Most people know about iftar, that pivotal meal during Ramadan that breaks the dawn-to-sunset fast. Another Ramadan ritual is suhoor, the early morning meal typically eaten in the pitch-black hour just before dawn.
My introduction to suhoor was in my husband’s family home in Bethlehem. It was my first Ramadan, and I fasted “for the experience.” At about 3:30 am, my husband’s family gathered on the floor seated around a low table in the sitting room, florescent lights on, tea brewing, eggs frying.
What I remember well was being woken by a man whose job it was to walk the streets in the middle of the night beating a drum and shouting supplications in Arabic. The whole neighborhood woke up: shops and bakeries and pajama-clad neighbors buying rounds of fresh bread.
The food at the table consisted of a protein dish such as eggs, hummus or ful. Little plates were set out: jam, leban, chunks of sesame halva, and triangles of Laughing Cow cheese—all eaten with bites of bread. Gracing the table was always tea, strong and sweet, flavored with mint, prepared in an aluminum tea pot and served in tiny tea glasses.
Back home in Washington State, as a young wife during Ramadan, I recreated a variation of this suhoor for my husband. I set out the same tea in the same pot and arranged little plates of nuts, dried fruits, jam, yogurt, and sesame halva—lots of dishes, but nothing cooked. I was aiming for maximum visual impact with minimal effort.
Some years later, I began to fast myself, this time for real. Out of fear of fainting from starvation, I woke up extra-early to serve myself elaborate suhoors—including fruit, main course, side dish and dessert (yes, it’s true), followed by American coffee and two Tums.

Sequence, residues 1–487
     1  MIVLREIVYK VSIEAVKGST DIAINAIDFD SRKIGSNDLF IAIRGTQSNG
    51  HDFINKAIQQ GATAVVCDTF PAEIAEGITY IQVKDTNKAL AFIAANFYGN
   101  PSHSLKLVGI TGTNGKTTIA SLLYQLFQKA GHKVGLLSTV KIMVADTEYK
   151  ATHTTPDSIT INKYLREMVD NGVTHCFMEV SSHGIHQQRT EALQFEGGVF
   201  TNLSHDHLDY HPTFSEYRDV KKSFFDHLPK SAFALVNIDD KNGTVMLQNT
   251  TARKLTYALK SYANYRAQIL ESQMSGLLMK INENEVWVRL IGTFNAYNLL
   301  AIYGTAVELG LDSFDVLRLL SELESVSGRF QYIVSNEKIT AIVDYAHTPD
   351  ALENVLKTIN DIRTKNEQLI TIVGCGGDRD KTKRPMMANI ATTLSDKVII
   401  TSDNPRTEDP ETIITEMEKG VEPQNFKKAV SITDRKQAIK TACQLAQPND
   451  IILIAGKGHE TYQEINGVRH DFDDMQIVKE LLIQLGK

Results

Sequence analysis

Then our family grew, and gradually one by one, our children began to fast. Suhoor took on a whole new importance: I wanted to fill my three kids with as many calories, nutrients and liquids as possible. My friend Rima told me about her Arab-American suhoors growing up in Michigan. In the middle of the night, the house was brimming with smells. Rima and her brothers would come to the dining table spread with an array of Arabic foods—just as her mother pulled from the oven a pan of homemade cinnamon rolls. I wanted to be that mother.
But I never was. Not even once.
Like breakfast, suhoor is a personal thing. Naturally, each kid wanted something different. The oldest wanted a bowl of cereal, the youngest, eggs, and the middle child insisted on a Nutella sandwich on white bread with no crusts (whatever). Some of these suhoors were served bedside—with me begging the child to eat a piece of fruit and drink a glass of something. Anything!
I still had this vision of us eating suhoor together. That’s when the candle tradition started. My daughter simply could not stand the lights flipped on in the middle of the night. So, we started the candle-lit suhoor.
As the kids got older, they began to wake themselves and prepare their own suhoor. For a mother, this is a revelation. Suhoor got easier. I could focus on my own meal of oatmeal with raisins and walnuts.
And last year, we had the most slovenly Ramadan ever. It was August in Dubai, the heat beastly, and the kids off school. We slept until noon (or later) and often stayed up until suhoor. We didn’t eat our typical suhoor foods, but rather a continuation of the grazing since iftar. We were shameless.
And this year, what will suhoor hold for our family? Time will tell, but I suspect it will involve Nutella and candles. The food will not be the same as those first iftars in Bethlehem; however, I hope to gather the family around the table in the same way that my mother-in-law did.
Question: What are your suhoor traditions?